Approximately 550 Claims Filed Against Archdiocese in Milwaukee Bankruptcy
Eight Catholic Dioceses have Filed For Bankruptcy Protection
In 2002, the Catholic diocese in Boston faced an enormous sex abuse scandal, during which its clergy were accused of countless instances of abuse. The allegations have forced the diocese into bankruptcy. Through the bankruptcy process, we have learned about the sheer number of allegations against the diocese, and against different dioceses around the country.
Eight dioceses have filed for bankruptcy recently: Boston, Massachusetts; Davenport, Iowa; Fairbanks, Alaska; Portland, Oregon; San Diego, California; Spokane, Washington; Wilmington, Delaware; and Tucson, Arizona.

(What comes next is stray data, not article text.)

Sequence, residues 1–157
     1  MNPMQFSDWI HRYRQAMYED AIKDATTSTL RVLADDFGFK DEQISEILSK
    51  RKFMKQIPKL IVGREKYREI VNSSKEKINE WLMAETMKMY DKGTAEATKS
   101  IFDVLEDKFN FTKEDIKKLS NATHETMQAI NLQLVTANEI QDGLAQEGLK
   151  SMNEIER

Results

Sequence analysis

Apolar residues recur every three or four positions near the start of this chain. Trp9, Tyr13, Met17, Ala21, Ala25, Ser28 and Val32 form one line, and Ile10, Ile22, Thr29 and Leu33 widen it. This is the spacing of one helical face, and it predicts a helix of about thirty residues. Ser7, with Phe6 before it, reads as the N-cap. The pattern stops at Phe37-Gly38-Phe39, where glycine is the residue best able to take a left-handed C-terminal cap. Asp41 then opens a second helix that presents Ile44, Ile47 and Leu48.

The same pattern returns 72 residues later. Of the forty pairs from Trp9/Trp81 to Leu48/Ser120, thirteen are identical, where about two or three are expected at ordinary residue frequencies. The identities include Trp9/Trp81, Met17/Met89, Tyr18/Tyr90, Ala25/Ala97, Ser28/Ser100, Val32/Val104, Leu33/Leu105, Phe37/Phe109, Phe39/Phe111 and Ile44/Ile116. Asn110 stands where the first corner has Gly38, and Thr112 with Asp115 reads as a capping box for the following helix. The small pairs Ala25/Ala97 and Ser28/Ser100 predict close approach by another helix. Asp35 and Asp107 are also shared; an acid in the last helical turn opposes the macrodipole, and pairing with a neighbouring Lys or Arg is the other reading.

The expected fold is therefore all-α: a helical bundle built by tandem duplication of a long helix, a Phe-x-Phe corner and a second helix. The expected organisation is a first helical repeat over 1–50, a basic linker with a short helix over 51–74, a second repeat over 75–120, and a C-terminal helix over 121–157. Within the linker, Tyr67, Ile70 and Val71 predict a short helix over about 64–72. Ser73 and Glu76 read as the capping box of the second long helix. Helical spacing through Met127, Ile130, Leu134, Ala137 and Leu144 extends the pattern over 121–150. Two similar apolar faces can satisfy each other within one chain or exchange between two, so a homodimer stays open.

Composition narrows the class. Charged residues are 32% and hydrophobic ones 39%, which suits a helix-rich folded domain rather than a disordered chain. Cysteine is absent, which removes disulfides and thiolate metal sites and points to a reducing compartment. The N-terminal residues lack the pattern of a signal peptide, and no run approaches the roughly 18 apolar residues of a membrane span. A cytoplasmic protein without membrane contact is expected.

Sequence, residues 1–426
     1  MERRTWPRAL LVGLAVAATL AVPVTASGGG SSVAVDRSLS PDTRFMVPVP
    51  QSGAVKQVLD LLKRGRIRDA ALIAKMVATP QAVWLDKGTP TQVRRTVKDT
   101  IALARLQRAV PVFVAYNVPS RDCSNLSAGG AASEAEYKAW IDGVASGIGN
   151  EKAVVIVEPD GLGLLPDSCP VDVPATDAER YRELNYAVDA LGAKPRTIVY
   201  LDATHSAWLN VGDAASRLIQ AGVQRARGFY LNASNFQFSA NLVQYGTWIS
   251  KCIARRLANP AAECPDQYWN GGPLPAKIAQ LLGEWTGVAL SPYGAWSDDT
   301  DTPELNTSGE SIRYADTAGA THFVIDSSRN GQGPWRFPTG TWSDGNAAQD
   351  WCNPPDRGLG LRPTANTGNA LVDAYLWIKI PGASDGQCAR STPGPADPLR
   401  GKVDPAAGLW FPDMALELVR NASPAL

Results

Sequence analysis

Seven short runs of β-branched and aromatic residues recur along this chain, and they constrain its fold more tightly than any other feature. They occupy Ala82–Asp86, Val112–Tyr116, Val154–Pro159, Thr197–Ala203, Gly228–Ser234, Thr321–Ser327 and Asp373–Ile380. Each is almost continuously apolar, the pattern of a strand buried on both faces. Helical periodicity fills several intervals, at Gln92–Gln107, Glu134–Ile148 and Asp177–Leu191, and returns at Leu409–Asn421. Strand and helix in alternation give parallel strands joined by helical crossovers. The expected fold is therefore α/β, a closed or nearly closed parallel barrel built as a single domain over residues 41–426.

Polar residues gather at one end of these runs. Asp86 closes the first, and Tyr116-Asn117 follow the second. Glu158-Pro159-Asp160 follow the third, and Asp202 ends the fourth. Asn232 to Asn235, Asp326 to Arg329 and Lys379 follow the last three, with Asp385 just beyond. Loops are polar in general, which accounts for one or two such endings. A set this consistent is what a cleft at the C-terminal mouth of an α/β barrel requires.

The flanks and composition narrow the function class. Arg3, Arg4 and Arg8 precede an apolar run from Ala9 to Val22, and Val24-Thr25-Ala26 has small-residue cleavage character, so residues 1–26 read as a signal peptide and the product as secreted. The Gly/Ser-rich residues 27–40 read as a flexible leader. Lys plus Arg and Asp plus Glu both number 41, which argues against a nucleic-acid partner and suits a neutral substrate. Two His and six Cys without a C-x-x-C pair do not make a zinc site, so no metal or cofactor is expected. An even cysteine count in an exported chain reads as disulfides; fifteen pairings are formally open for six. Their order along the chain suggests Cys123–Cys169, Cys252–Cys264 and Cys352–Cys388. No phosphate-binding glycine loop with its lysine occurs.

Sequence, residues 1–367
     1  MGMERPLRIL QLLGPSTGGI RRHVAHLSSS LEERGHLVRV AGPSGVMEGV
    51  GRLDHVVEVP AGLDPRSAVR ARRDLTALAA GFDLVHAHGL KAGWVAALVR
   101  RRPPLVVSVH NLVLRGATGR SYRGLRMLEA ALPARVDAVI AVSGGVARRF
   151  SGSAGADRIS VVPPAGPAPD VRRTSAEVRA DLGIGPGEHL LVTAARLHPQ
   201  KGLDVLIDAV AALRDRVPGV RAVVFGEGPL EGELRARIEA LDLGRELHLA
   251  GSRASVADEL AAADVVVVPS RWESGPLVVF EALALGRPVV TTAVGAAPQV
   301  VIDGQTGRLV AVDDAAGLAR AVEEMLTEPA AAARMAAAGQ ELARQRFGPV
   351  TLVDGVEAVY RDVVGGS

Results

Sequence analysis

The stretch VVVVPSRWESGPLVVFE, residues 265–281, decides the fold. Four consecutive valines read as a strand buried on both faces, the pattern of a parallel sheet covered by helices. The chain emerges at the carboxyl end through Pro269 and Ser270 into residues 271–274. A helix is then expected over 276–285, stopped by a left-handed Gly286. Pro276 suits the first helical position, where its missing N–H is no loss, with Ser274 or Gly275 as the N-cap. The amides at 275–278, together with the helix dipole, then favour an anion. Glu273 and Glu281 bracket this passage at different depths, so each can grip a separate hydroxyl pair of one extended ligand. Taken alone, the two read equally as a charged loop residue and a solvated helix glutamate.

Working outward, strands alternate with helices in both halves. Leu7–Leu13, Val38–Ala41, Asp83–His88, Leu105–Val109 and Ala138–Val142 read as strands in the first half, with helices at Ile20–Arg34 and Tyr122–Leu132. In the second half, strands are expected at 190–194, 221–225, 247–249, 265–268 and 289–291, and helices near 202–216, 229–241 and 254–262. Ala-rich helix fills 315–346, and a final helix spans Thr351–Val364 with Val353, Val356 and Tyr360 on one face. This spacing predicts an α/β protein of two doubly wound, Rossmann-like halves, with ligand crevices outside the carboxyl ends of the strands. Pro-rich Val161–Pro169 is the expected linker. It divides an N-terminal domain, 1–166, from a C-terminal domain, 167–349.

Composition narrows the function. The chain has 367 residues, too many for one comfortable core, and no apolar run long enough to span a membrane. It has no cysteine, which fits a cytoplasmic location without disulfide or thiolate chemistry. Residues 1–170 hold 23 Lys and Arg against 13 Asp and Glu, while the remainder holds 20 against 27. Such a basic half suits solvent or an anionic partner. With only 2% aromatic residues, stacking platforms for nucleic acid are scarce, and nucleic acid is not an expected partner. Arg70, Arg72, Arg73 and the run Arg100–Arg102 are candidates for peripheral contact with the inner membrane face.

When they filed for bankruptcy protection, as with any other case, anyone with a claim against the dioceses had a window within which to present their claim to the court and seek monetary compensation. This window permitted sex abuse victims a limited period of time within which they could bring allegations of the abuse against the Church. This has caused vast numbers of alleged victims to come out and bring claims.
In the other dioceses’ bankruptcies, the average number of claims was between 40 and 250. But in the Milwaukee, Wisconsin bankruptcy, more than 500 victims have come forth and made claims during the Milwaukee diocese’s bankruptcy case.
Although this number seems extremely high, experts predict the real number of victims is probably much higher because of the same involved in being a sex abuse victim and the pain of coming forward and drudging up past harms.
The payouts, if any, these victims receive will depend greatly on the “severity” of abuse, a difficult factor to quantify. The creditors have a unified committee, and the Archdiocese in Milwaukee will probably have to make one large payment to the group, which will be divided by the committee based on the factors it believes are appropriate.